Their mission is simple. "We want to tell people around the world that you should embrace disability, not hide from it," the twins said in an email interview with CNN.
Growing up in Eritrea, the sisters had a happy childhood, and like many twins, they share a special bond.
Hermon once injured her cheek while riding her mountain bike. Heroda wasn't even with her but said she knew something had happened.
"When my left cheek started hurting, I knew she was in trouble. ... It was the only explanation for my pain," Heroda said.
It took their parents a long time to realize the girls were deaf.
"We were playing together in the backyard of our parents' house; our mother was trying to call our names, and we did not hear at all," the twins said.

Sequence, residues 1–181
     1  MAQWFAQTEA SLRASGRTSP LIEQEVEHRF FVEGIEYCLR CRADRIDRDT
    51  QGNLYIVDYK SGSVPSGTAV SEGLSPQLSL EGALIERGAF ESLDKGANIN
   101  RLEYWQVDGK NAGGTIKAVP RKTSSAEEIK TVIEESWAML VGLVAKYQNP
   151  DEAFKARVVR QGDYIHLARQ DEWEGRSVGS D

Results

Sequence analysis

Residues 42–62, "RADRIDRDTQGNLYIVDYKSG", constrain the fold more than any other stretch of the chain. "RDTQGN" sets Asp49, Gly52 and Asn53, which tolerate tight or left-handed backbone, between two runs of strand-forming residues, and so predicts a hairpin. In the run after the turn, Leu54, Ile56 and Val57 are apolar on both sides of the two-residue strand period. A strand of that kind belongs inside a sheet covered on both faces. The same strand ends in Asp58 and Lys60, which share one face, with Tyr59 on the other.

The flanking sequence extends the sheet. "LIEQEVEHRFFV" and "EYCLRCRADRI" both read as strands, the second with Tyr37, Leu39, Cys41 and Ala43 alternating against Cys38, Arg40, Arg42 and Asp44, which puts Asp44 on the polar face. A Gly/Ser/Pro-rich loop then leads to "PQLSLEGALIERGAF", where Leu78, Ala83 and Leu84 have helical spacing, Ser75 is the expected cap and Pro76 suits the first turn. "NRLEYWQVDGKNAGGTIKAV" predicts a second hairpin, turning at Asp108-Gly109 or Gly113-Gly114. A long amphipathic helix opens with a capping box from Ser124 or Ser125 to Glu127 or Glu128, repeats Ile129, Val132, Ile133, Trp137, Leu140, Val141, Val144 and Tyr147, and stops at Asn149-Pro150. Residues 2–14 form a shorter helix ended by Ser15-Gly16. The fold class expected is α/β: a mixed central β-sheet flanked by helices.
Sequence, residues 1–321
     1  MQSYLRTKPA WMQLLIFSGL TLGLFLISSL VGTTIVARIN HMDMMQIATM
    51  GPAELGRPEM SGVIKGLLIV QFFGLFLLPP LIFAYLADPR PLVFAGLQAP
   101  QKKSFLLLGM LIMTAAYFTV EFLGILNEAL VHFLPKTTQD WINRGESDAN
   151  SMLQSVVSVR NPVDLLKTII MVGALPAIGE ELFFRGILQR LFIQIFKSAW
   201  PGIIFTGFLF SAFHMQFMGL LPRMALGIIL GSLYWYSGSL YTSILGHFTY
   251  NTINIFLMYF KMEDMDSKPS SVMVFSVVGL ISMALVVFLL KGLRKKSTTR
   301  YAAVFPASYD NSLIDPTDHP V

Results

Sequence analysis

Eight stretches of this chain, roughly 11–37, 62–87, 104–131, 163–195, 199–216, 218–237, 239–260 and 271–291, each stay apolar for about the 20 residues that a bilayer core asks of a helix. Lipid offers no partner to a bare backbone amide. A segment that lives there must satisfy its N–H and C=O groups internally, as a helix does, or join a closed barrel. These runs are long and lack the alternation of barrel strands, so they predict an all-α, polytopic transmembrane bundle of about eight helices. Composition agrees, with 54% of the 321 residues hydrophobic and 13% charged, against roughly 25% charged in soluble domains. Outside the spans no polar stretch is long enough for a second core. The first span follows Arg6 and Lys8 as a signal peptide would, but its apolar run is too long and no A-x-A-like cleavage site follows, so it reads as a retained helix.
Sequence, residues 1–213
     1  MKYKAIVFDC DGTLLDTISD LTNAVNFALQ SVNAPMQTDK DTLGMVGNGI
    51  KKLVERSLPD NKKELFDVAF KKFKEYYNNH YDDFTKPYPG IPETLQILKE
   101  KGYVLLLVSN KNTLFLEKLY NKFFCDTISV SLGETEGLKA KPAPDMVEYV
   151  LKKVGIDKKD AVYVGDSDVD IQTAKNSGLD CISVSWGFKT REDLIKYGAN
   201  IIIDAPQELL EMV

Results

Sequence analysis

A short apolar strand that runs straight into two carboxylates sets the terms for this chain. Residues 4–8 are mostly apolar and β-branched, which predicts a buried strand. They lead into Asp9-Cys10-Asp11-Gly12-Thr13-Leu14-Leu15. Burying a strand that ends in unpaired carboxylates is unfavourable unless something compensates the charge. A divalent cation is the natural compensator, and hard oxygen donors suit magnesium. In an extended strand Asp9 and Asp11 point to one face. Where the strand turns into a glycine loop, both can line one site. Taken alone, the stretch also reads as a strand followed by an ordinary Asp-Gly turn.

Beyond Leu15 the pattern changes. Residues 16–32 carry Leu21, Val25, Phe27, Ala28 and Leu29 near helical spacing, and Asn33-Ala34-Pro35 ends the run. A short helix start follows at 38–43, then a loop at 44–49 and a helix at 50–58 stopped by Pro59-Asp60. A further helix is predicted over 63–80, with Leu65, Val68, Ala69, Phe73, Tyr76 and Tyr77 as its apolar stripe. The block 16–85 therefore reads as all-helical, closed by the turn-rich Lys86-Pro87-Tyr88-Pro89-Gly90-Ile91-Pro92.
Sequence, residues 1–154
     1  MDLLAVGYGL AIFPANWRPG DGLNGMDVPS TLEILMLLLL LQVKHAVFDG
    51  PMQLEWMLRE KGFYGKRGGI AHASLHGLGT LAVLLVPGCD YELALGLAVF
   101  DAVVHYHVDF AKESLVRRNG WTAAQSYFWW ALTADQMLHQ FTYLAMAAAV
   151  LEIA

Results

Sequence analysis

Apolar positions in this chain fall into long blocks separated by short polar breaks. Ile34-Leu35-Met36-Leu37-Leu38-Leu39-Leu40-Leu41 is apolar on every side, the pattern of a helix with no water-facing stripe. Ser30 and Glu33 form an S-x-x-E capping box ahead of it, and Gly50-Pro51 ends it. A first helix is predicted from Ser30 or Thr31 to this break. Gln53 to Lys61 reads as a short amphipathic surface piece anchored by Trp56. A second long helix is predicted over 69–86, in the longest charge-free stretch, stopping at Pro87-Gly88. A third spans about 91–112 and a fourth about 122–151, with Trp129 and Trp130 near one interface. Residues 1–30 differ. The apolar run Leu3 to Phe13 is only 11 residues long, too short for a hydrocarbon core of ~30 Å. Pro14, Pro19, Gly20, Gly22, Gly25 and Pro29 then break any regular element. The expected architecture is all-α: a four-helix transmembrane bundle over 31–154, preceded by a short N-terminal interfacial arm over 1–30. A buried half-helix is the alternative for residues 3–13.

Their brother was also deaf, so the family decided to move to the UK to seek medical help.
'Deaf people can do it'
Hermon's acting journey began after she took a trip to South America, while Heroda's confidence grew when she landed a role in a television commercial
As far as Hermon is concerned, "Deaf people can do it like everyone can."
"We had quite (a lot) of barriers through our lives, especially (our) career, but we fight for it. ... We will have to use our deafness and being black women to break these barriers."
'People are hungry for real inspiration'
The twins recently launched a fashion blog, Being Her
, where they model affordable urban and traditional Eritrean outfits to a growing audience.
"People are hungry for real inspiration, and we want you to see that we're wearing clothes that we can afford and most importantly that you can relate (to) with our personality."